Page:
Frontier(s) is the latest in a long line of gore-fests en français. It's an After Dark film, deemed "too scary for the festival!" and thus only showable in quiet limited release for those brave few who know what they're getting into. Yeah. Whatever. Personally, I found the other grand guignol After Dark film from the Horrorfest "8 Films to Die For" 2007 slate, Inside, far superior to this tired Texas Chainsaw Massacre meets Hostel meets The Hills Have Eyes replicant.
We first meet a pair of horny, hungry shelter-seekers who greedily partake of a secluded hostel's fine food and frisky femmes, and… before long, they're French toast. Their murders are gory and viscous, yet completely suspenseless and emotionless. Viewers might sympathize more with the film's central feisty heroine, 3-months pregnant Yasmine (Karina Testa), who's kidnapped and held prisoner by the neo-Nazi cannibal prostitutes who run the hostel. (Actually, I'm making it sound more fun than it really is; the bad guy is a guy… well-acted, but one-dimensional, the heil-horror patriarch is yet another male cliché. We've already seen shades of this guy in Murder-Set Pieces and The Chef, ad nauseam.)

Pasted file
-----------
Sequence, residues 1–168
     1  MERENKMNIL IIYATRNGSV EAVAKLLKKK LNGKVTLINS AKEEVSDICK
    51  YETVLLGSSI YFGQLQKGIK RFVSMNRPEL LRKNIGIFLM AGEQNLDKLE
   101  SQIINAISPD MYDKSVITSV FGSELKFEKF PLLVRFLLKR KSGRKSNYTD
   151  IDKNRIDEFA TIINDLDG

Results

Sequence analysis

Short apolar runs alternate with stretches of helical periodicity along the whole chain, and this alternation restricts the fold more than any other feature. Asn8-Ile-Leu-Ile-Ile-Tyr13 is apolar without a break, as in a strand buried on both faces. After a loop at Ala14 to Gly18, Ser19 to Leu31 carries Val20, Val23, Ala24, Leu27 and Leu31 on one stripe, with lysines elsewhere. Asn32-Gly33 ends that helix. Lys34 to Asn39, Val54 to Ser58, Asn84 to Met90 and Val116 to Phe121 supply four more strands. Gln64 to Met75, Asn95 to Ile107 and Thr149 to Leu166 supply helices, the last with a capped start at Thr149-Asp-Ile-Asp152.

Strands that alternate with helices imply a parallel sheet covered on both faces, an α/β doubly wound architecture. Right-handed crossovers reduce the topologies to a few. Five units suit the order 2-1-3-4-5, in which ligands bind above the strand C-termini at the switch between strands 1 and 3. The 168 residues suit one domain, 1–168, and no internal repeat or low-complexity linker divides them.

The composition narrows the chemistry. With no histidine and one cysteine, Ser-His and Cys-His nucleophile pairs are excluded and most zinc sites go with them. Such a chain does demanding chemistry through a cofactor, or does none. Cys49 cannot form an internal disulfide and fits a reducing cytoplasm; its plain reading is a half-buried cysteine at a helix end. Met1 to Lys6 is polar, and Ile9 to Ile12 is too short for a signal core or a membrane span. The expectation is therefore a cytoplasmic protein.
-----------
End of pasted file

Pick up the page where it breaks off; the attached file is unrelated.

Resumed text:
The direction (by Hitman's Xavier Gens) is brisk, but he simply doesn't have an entertaining, or even remotely original standpoint from which to tell this sick story. The music (dour) and visuals (green) are well above-average, and as I already mentioned, the acting is fantastic. Such that it's almost worth watching for the talent alone. Furthermore, the death scenes are appropriately gruesome (there's an Achilles' heel chop, young'uns hanging from meathooks, skulls split via ax, and so on).
Typically and generally speaking, I think the French make great horror films — especially most recently with Á L'Intérieur (Inside), Haute Tension (High Tension), and Sheitan (Satan). They tend to combine the best of both style and substance worlds. But some of them — ala Ils (Them) — inspire only ennui: And Frontier(s), per moi, is definitely one of those.
= = =Reviewed by Staci Layne Wilson